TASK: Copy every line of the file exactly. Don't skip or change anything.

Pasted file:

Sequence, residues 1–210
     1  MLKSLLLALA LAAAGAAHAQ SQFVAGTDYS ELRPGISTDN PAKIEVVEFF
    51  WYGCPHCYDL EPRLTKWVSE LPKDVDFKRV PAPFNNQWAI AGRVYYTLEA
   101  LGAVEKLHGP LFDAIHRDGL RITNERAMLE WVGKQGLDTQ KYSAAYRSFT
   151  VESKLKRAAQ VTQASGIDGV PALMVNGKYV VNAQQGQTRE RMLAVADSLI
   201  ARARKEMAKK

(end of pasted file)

Sequence, residues 1–210
     1  MLKSLLLALA LAAAGAAHAQ SQFVAGTDYS ELRPGISTDN PAKIEVVEFF
    51  WYGCPHCYDL EPRLTKWVSE LPKDVDFKRV PAPFNNQWAI AGRVYYTLEA
   101  LGAVEKLHGP LFDAIHRDGL RITNERAMLE WVGKQGLDTQ KYSAAYRSFT
   151  VESKLKRAAQ VTQASGIDGV PALMVNGKYV VNAQQGQTRE RMLAVADSLI
   201  ARARKEMAKK